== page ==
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Immigration Reform: The Backdoor to Release USCIS Caseloads

The present presidential management has affirmed immigration restructuring to be a high precedence subject. Presently, the management has paying attention first and foremost on the country’s financial side and the require for improvement of the American healthcare scheme. The United States nationality and Immigration Service (USCIS), on the other hand, is bracing for the ultimate declaration that the President is rotating his eyes to inclusive immigration alteration, usually cited to as CIR. Once this modification has been started, USCIS awaits a significant boost in facts of cases.

Preceding to the latest presidential voting, Obama pointed his resolution to radically change the immigration procedure. He has made it obvious that this reorganization will engage the big numbers of unregistered immigrants presently occupying in the United States. As a matter of fact, part of the modification pitch is probable to hold a plan for category justification for many of these workers.

Sheila Danzig, managerial director of a foreign degree evaluation agency Evaluation Credentials, has confirmed that America’s current economic situation makes it apt that corroboration will be stalwartly conflicting, and the recent deficiency of jobs for officially permitted residents and U.S. citizens makes disagreement yet more likely. In spite of this, USCIS is conscious that at any rate some cases will be offered to that bureau for deliberation, and this is possible to inundate an already amassed immigration service even supplementary.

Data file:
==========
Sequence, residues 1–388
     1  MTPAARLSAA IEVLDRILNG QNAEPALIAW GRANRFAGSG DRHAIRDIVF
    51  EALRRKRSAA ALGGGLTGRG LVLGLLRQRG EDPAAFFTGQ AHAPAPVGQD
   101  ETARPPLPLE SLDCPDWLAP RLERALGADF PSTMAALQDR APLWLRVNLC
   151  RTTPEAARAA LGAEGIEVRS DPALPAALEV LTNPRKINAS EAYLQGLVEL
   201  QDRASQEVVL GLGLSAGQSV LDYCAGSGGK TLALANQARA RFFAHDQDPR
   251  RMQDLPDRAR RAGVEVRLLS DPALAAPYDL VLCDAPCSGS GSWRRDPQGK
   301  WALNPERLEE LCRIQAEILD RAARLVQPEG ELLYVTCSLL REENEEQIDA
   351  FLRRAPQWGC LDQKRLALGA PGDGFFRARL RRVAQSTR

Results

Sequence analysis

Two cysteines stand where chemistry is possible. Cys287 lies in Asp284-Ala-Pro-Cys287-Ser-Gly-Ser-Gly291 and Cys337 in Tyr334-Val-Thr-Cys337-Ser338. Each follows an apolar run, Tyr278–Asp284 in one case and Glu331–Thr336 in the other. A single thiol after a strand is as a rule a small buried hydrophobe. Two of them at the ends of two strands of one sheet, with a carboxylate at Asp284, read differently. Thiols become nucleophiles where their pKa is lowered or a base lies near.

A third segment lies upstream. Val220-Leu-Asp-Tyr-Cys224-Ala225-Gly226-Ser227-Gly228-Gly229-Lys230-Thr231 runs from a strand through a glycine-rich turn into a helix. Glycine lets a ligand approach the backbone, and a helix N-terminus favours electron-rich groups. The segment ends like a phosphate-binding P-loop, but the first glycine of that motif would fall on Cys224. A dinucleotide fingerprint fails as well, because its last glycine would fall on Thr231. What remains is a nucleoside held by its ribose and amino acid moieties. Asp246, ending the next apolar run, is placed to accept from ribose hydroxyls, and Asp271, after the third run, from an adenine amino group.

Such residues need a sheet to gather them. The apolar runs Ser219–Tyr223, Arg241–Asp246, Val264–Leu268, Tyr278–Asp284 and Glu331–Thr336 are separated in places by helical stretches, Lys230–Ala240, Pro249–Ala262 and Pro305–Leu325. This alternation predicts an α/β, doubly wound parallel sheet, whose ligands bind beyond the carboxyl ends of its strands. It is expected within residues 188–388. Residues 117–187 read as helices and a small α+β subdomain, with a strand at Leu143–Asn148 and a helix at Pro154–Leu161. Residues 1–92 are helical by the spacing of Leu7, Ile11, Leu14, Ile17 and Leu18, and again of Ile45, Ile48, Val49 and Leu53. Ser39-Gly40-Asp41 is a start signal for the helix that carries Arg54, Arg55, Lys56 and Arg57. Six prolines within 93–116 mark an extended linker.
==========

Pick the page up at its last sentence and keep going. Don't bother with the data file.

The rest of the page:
Now, persons who submit an application for I-140 visas (“green cards”) must expect up to one year after their appeal is registered for an dialogue to be planned. The progression can be convoluted by records or education issues. Sometimes, the USCIS subjects a Request for Evidence, or RFE, signifying that some feature of the petitioner’s claim – perhaps the labor certificate or educational credentials – demands additional inquiry.

Many companies who employ legal residents, as well as workers residing in the U.S. on temporary work visas, such as H1-B visas, are concerned that this anticipated increase in USCIS’s caseload will further slow the visa approval process. Many employers depend on highly trained or skilled workers who enter the country on employment-based visas, and could experience a shortage of trained employees if this potential problem does become a reality.
The USCIS caseload is already backlogged, and the H1-B visa cap did not fill for 2009 as a consequence, in part, of the recession. If the economy does recover substantially, and visa applications do increase significantly in the coming year, USCIS will need to meet the usual demands of H1-B visa season, as well as Obama’s proposed immigration reform.

Evaluation Credentials International, other foreign credential evaluation agencies, immigration attorneys, and the American public will watch the reform proposals with interest. How they affect the USCIS remains to be seen, but an increased caseload is almost certain.

For more information about foreign credential educational evaluations for H1-B or I-140 Visas, you can visit Evaluation Credentials.

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